When his mother worried about his elbow being healed enough to wrestle, Chance pumped out 20 one-arm pushups -- on the bad arm -- to show her.

"He is a Cary Kolat," said Wayne Yohn, who runs a wrestling club in Juniata. "He's got that same frame, and the kid just does not quit. The kid works his ass off. He's special.

"People just don't understand the (eighth-grade) thing. How could somebody that young be that good? But it's pure. He's good because he loves the sport. You get what you put into it. I don't see him getting burned out. I don't think the kid does anything he doesn't want to do. It's coming from within."

So explaining the phenomenon is a bit complicated.

Chance is physically gifted and well-built for his sport. He's strong from countless pull-ups and sit-ups and easily hits a rather lean-looking 150 on the scale when he's not watching his weight for competition.

"His legs are like little telephone poles already," Yohn said.

And yet he isn't simply overpowering his opponents.

The mental aspect of the sport comes easily, enabling him to create and build off his elite training.

"He teaches me stuff, teaches me techniques I've never seen," said Jay LaValley, who helped Kolat run his training center. "I was in Arizona competing myself and Chance was there to watch. He came to my corner when nobody was there. He was being my coach, which was funny, but at the time, he was one person I wanted there if Cary couldn't be there."

Dover's Kevin McCleary has coached youth wrestling for decades and clearly sees the vast potential.

"The thing that struck me the most when I saw Chance wrestle was how much he wrestled like Cary. He's ambidextrous. He'll attack you left-handed and right-handed."

All of that helped him go 12-3 last summer at the prestigious Disney Duals in Florida, where he handed one wrestler his only loss of the tournament and also defeated a University of Michigan-bound competitor.

His eyes light up when the conversation turns to wrestling, and he could go on forever. About trading wrestling shoes or how many states he's competed in or comparing one club team to another or . . .

All he wants to do is wrestle.

* * *

A most unusual scene is playing out on the family farm between Stewartstown and New Park, along Marsteller Road:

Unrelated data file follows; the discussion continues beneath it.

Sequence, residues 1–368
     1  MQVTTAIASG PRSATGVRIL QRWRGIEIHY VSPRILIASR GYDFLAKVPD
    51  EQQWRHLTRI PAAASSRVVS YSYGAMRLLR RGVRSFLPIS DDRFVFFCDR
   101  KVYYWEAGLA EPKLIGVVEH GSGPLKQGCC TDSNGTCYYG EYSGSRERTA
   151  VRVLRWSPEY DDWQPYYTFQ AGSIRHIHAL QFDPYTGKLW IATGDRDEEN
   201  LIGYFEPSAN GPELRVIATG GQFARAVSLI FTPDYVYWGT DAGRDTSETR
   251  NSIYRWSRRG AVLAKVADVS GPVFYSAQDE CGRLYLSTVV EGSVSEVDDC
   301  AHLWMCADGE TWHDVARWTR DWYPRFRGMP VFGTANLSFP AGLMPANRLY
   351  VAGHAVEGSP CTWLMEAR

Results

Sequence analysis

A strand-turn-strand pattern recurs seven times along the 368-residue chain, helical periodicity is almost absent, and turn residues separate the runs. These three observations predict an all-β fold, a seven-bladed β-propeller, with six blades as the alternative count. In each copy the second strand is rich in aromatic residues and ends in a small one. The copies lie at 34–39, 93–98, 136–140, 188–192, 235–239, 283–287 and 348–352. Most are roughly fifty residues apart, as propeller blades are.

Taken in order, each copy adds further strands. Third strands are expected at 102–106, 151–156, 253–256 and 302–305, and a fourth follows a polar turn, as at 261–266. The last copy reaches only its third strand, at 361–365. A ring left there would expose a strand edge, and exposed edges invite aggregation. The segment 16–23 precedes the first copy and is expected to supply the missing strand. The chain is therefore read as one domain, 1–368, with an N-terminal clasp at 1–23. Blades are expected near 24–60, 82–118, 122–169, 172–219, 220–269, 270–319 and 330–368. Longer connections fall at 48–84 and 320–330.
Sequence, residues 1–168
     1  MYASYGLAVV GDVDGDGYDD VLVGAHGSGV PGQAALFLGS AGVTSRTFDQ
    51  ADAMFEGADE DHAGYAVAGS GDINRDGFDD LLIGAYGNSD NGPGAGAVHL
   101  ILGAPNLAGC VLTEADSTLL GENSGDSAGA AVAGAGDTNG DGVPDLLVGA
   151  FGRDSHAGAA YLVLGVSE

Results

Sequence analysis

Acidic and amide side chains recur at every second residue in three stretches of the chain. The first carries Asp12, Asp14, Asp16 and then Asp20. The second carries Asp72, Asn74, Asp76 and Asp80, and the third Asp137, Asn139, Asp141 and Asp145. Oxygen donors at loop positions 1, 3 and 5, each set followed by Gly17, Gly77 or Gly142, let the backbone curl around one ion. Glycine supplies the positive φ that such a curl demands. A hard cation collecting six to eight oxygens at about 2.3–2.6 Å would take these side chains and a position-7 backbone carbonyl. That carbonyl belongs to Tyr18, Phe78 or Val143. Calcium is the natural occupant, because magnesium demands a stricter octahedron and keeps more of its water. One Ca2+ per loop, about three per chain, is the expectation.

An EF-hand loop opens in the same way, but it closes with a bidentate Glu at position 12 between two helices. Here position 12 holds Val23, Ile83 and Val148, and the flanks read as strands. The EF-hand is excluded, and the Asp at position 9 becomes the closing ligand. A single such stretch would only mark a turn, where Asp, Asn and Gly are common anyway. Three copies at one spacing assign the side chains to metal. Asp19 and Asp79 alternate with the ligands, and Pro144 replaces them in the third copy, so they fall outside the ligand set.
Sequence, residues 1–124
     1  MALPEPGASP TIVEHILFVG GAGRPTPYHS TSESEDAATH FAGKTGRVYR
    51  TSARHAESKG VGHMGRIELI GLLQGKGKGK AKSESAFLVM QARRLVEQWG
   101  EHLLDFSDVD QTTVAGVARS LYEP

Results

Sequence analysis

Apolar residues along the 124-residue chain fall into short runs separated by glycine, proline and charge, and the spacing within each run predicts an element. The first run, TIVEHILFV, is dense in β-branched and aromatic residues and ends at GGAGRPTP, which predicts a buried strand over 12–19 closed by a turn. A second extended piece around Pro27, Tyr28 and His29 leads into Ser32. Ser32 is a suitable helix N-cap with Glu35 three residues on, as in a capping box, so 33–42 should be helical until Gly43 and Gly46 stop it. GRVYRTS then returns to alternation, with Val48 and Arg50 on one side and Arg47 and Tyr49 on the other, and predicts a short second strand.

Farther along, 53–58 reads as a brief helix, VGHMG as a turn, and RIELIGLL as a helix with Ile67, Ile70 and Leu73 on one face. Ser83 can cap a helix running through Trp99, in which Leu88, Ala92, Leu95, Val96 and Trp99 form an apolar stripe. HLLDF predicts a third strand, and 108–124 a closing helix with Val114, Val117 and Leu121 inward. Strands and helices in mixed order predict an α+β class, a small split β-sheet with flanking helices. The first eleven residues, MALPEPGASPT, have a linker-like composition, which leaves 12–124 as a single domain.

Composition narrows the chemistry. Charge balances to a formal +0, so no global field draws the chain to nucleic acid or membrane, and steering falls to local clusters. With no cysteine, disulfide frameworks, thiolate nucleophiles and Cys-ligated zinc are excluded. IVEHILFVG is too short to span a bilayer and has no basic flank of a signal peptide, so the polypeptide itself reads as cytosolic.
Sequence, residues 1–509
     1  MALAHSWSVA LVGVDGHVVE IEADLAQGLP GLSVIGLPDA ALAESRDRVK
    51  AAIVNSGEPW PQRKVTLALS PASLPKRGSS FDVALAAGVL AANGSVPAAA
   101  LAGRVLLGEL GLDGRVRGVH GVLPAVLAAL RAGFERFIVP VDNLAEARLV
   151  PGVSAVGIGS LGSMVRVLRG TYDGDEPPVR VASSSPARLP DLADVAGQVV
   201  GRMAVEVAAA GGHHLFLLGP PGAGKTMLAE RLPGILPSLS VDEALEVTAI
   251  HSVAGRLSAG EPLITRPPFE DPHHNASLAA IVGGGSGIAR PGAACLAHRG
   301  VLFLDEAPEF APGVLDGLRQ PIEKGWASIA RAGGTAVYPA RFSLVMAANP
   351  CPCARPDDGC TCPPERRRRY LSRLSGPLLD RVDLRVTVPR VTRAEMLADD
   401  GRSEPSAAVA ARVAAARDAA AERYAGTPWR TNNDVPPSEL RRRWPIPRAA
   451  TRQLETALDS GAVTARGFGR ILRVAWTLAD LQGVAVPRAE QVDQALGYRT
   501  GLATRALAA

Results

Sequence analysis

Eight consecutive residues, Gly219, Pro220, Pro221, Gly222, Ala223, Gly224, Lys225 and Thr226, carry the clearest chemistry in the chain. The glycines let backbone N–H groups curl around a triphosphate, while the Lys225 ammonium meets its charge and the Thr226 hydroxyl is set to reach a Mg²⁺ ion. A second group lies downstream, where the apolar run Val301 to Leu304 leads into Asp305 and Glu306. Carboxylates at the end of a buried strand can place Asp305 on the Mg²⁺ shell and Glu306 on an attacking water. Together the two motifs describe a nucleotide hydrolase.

There was a time, even a month or so ago, when it wasn't certain the phenom would even wrestle his his high school career in Pennsylvania, no less in York County.

He dreams big, of a full scholarship to a top wrestling school and the Olympics. And his parents know he could find better, every-day wrestling opportunities elsewhere.

The best programs have done their part of "recruiting" him, from private schools in Maryland to the legendary Blair Academy in New Jersey to stellar public school teams in Western Pennsylvania.

But the Marstellers say they are staying put, holding onto the family farm of 100 acres where they grow sweet corn and pumpkins, and where Chance is the star roadside summer salesman.

Plus, staying in Pennsylvania, arguably the nation's premier high school wrestling state, might be too appealing. There is a mystique surrounding the dozen wrestlers who have won four state titles here -- or even come close.

And yet, no matter where he ends up, Chance must seek out older, stronger college wrestlers to push him, as in a recent workout with Pitt's Chris Albright, a Red Lion grad.

The kid is special, to say the least.

And the best part is that his story is only now about to truly unfold.

His first high school varsity match is eight months away.

"He's definitely the best we ever had come through the program," said Terry Klender, one of his junior high coaches. "He's one-in-a-million in this sport."; 771-2104